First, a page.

Modulation of neurotransmitter exocytosis by activated Gi/o coupled G-protein coupled receptors (GPCRs) is a universal regulatory mechanism used both to avoid overstimulation and to influence circuitry. One of the known modulation mechanisms is the interaction between Gβγ and the soluble N-ethylmaleimide-sensitive factor attachment protein receptor (SNAREs). There are 5 Gβ and 12 Gγ subunits, but specific Gβγs activated by a given GPCR and the specificity to effectors, such as SNARE, in vivo are not known. Although less studied, Gβγ binding to the exocytic fusion machinery (i.e. SNARE) provides a more direct regulatory mechanism for neurotransmitter release. Here, we review some recent insights in the architecture of the synaptic terminal, modulation of synaptic transmission, and implications of G protein modulation of synaptic transmission in diseases. Numerous presynaptic proteins are involved in the architecture of synaptic terminals, particularly the active zone, and their importance in the regulation of exocytosis is still not completely understood. Further understanding of the Gβγ-SNARE interaction and the architecture and mechanisms of exocytosis may lead to the discovery of novel therapeutic targets to help patients with various disorders such as hypertension, attention-deficit/hyperactivity disorder, post-traumatic stress disorder, and acute/chronic pain.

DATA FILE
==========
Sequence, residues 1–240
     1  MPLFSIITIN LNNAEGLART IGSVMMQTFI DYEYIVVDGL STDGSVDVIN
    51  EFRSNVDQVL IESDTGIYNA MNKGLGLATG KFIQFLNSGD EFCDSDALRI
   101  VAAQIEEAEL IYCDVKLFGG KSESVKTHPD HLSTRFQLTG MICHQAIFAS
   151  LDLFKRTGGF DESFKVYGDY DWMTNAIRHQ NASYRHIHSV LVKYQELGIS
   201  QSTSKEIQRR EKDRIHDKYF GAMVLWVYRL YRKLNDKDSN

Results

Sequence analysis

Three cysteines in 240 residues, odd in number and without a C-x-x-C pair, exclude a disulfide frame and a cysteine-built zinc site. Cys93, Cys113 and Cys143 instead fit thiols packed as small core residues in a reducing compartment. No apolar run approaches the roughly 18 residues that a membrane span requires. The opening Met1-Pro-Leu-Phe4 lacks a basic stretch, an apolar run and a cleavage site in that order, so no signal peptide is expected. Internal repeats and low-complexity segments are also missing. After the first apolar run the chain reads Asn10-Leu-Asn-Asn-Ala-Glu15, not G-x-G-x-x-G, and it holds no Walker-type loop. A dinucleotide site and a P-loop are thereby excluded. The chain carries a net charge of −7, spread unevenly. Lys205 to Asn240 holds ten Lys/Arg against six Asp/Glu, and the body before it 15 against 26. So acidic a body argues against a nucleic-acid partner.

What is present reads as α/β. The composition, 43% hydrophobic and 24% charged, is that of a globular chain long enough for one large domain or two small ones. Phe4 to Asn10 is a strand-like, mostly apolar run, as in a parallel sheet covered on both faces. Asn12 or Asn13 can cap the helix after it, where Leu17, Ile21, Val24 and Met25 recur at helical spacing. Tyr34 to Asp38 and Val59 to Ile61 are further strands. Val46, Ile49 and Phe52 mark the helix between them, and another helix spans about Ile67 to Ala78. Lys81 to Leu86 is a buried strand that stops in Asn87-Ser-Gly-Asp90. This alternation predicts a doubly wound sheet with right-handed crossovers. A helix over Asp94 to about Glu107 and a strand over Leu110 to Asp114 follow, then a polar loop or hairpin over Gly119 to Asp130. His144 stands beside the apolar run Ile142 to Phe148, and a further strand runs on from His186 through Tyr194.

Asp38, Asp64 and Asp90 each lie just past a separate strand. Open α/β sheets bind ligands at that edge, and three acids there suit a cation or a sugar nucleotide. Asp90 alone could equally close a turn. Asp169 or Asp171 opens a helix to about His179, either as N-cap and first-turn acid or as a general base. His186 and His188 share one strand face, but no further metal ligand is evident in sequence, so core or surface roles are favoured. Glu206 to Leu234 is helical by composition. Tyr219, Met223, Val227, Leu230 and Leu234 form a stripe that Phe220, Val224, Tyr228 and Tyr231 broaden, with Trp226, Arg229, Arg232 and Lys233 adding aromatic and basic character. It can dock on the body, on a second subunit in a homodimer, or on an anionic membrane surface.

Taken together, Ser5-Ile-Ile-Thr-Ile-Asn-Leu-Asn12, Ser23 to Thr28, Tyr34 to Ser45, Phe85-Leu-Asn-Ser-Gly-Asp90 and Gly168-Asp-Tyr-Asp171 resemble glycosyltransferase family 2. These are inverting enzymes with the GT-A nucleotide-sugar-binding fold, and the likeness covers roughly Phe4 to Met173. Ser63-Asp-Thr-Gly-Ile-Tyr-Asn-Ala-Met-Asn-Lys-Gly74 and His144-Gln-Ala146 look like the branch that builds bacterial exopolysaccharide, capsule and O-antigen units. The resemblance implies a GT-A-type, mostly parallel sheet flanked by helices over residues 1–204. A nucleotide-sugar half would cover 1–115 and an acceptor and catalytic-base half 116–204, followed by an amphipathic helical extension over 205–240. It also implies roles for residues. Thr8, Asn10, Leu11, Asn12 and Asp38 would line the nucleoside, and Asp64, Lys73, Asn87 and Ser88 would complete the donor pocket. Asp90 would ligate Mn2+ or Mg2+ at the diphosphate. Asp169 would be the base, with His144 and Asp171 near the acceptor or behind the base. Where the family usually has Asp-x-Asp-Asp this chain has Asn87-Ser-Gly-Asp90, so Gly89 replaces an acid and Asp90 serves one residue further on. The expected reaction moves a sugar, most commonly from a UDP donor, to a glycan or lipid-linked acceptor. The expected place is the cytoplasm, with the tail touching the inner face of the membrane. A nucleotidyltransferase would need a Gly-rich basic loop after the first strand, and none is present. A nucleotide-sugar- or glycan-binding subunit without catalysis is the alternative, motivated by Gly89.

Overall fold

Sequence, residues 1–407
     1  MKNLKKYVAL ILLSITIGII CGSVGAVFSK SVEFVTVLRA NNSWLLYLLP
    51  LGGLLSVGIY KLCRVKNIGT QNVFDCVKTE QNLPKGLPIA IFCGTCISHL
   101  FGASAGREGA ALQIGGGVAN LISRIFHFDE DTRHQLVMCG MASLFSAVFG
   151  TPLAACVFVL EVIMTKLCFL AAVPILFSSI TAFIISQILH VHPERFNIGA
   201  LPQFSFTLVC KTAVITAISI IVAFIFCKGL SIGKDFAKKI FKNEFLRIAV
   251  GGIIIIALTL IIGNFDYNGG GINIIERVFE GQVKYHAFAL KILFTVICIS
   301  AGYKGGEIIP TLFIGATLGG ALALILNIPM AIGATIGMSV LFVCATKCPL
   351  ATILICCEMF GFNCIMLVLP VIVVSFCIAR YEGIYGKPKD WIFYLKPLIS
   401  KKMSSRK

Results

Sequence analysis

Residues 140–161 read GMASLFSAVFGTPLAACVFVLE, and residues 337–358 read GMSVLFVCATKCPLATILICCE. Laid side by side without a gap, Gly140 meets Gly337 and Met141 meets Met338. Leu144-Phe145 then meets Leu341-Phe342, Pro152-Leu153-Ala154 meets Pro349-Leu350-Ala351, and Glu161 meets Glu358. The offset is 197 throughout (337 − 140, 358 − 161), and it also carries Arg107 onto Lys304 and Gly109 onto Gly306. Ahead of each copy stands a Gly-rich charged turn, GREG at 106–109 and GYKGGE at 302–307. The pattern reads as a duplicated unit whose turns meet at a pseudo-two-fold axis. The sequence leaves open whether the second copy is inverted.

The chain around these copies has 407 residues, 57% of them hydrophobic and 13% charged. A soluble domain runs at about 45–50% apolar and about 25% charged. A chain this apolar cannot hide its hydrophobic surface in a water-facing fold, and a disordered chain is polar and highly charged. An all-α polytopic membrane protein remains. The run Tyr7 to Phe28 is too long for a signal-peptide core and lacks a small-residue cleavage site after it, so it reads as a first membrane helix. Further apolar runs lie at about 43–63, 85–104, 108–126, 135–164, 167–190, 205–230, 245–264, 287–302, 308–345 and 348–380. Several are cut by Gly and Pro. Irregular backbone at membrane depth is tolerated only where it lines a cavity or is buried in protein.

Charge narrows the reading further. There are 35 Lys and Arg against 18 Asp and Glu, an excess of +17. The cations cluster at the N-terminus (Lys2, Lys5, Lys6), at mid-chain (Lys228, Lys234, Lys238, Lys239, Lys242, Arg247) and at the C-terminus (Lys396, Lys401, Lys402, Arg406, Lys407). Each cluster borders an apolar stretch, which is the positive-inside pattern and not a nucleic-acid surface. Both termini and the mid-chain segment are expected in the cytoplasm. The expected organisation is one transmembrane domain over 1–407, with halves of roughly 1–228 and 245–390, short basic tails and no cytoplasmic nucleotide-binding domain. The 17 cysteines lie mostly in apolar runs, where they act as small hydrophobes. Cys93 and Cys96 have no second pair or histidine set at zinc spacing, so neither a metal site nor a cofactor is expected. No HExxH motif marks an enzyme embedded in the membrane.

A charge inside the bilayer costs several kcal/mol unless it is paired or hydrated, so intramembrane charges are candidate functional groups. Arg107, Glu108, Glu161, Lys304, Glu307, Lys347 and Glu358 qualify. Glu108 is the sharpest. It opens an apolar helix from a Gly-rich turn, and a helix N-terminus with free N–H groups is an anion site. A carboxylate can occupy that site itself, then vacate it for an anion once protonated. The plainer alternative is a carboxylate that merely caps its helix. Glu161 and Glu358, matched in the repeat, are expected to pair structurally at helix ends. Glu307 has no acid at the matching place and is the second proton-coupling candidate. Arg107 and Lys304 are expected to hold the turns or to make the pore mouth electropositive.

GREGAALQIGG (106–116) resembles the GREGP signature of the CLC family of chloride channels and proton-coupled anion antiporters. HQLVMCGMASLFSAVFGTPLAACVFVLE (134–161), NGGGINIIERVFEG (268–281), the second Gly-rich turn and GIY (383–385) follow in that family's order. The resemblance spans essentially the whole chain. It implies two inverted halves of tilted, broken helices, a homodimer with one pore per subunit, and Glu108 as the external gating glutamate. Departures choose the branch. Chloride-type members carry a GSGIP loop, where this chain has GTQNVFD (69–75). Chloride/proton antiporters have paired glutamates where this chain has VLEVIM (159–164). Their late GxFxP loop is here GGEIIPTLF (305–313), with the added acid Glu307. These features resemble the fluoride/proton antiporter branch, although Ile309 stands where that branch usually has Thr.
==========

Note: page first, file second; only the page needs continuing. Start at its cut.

Keywords: Calcium; Exocytosis; G protein; GPCR; SNARE; Secretion.
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